“Shouldn’t the construction(destruction) be stopped and re-examined when natural memorial is damaged? Isn’t the reason why the Ministry of Environment and Cultural Heritage of Administration of Korea exist? Just for the pretext that the naval base is a national security project, the rest problem has been indulged. If you look at the current EIA, there should be no damage on soft corals.”
Image 1, 2: Before (2012) and AFTER (2014): Serious damage has occurred in soft corals in the directly impacted areas due to the Jeju naval-base construction. Source provided by people’s team by the result of monitoring from June 11 to 13, 2014
Image 3: The sites that people monitored this time. A is the area of a light house and B is the area of the Seogeon Island.
Image 4: The wrong sites the ROK navy has conducted monitoring. Compare it from Image 3
For the collection of Korean articles, see
The Hulk ain’t never lied.
I can’t even express how much respect I have for Mark Ruffalo. The dude’s on the US terrorism watchlist for fuck’s sake.
Omg, it’s true.
He was put on the terrorist watch list for backing a documentary that shits all over capitalism and corporate greed and is pro environment?? Like this one guy set his fucking WATER on fire - that’s some Jesus stuff but nah son this flammable water is coming out of this guys tap and his family and neighbors drink it and the doccumentary is speaking against fracking but? AND MARK WAS PUT ON THE TERRORIST LIST FOR SUPPORTING THIS DOCUMENTARY I MEAN ‘MURICA tho.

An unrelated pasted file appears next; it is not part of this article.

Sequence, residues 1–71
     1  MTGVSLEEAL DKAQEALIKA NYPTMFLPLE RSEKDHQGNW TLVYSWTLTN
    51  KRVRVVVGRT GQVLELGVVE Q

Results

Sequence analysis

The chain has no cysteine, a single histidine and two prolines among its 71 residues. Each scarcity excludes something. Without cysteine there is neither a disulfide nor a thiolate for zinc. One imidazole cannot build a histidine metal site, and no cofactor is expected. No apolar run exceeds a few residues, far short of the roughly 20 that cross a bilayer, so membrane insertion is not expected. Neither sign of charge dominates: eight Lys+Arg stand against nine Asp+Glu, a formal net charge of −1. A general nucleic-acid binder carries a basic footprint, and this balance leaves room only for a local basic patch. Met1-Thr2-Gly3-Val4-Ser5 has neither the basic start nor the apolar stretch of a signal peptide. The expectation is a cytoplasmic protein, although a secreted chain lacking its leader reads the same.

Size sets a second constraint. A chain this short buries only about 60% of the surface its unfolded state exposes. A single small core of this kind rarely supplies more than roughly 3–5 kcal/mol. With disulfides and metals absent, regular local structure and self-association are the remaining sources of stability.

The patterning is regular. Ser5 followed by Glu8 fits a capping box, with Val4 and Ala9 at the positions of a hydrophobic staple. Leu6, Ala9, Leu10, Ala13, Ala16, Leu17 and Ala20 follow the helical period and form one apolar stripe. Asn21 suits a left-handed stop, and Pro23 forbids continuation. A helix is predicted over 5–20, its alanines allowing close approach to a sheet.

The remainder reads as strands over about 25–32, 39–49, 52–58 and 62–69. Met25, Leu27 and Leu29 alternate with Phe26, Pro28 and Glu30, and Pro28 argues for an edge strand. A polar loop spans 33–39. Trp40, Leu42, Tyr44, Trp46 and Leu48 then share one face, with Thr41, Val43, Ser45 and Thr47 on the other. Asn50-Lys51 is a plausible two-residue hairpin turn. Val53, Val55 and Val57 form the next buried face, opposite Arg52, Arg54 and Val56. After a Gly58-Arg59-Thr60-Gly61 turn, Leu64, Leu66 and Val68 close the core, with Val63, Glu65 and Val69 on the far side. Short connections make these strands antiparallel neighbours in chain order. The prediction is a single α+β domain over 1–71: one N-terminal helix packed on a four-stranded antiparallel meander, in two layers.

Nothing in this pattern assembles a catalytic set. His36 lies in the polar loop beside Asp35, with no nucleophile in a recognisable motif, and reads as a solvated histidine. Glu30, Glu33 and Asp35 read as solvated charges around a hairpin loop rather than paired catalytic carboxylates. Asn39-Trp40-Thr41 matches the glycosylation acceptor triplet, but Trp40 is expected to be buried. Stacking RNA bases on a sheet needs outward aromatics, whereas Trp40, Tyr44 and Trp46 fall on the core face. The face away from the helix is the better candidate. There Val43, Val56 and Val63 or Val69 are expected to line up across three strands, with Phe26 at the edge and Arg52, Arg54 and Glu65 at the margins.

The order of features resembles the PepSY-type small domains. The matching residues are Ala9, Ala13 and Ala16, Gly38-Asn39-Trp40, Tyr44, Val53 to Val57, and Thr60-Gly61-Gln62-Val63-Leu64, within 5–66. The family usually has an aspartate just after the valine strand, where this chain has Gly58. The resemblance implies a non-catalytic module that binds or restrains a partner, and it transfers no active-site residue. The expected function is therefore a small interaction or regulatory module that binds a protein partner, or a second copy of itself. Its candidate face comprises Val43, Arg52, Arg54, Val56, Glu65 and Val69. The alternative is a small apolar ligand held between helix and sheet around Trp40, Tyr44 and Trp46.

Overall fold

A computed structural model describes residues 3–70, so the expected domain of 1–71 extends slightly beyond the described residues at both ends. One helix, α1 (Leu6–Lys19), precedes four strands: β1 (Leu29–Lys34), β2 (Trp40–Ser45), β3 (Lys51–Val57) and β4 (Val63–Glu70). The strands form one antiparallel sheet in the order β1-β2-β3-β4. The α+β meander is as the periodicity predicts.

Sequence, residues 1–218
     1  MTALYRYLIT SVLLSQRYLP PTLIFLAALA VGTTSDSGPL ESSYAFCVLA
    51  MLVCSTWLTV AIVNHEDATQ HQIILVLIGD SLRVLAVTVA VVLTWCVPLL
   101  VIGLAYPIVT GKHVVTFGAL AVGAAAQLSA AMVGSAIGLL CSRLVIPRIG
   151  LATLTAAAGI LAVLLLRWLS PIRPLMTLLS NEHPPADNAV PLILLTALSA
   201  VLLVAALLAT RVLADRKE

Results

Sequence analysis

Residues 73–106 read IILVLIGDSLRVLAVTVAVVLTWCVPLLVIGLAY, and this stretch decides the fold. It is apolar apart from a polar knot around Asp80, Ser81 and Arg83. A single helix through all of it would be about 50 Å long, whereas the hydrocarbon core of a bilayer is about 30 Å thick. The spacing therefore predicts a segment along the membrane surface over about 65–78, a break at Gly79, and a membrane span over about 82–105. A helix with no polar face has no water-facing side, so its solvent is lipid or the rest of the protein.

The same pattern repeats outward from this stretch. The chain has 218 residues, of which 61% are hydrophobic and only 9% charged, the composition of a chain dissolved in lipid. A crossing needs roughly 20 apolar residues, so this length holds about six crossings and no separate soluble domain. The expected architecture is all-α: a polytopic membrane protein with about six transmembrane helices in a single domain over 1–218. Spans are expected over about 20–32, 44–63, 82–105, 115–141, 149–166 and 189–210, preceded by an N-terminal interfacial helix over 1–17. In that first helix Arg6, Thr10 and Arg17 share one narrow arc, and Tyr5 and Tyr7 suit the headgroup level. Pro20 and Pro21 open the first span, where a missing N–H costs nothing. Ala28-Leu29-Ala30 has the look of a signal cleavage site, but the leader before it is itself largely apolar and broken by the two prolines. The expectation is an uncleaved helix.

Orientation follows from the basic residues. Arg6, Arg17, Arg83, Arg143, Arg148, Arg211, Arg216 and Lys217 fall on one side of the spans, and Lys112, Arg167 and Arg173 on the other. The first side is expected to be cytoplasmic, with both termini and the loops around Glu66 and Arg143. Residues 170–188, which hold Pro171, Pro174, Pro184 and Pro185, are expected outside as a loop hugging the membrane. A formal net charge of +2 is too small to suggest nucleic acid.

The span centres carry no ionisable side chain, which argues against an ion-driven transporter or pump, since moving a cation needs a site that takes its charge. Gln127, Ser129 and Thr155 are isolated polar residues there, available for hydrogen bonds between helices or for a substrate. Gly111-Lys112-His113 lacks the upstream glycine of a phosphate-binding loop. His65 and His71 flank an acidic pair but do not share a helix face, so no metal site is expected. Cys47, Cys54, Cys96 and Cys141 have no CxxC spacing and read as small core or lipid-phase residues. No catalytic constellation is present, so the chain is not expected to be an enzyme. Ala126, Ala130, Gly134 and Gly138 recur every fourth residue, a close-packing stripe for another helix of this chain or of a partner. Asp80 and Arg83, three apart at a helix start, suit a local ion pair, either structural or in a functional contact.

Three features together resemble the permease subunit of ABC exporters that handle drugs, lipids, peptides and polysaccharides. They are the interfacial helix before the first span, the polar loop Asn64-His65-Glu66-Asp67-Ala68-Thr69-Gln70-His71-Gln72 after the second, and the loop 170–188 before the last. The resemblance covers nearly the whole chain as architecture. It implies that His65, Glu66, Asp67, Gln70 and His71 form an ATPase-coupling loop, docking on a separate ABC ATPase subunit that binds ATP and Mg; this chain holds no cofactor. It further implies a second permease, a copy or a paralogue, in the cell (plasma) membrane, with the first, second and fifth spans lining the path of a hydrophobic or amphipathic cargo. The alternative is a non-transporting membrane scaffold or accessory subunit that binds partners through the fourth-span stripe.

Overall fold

Love u mark.
Nafeez Ahmed: Social science is being militarised to develop ‘operational tools’ to target peaceful activists and protest movements
Last year, the DoD’s Minerva Initiative funded a project to determine 'Who Does Not Become a Terrorist, and Why?' which, however, conflates peaceful activists with “supporters of political violence” who are different from terrorists only in that they do not embark on “armed militancy” themselves. The project explicitly sets out to study non-violent activists:
"In every context we find many individuals who share the demographic, family, cultural, and/or socioeconomic background of those who decided to engage in terrorism, and yet refrained themselves from taking up armed militancy, even though they were sympathetic to the end goals of armed groups. The field of terrorism studies has not, until recently, attempted to look at this control group. This project is not about terrorists, but about supporters of political violence.”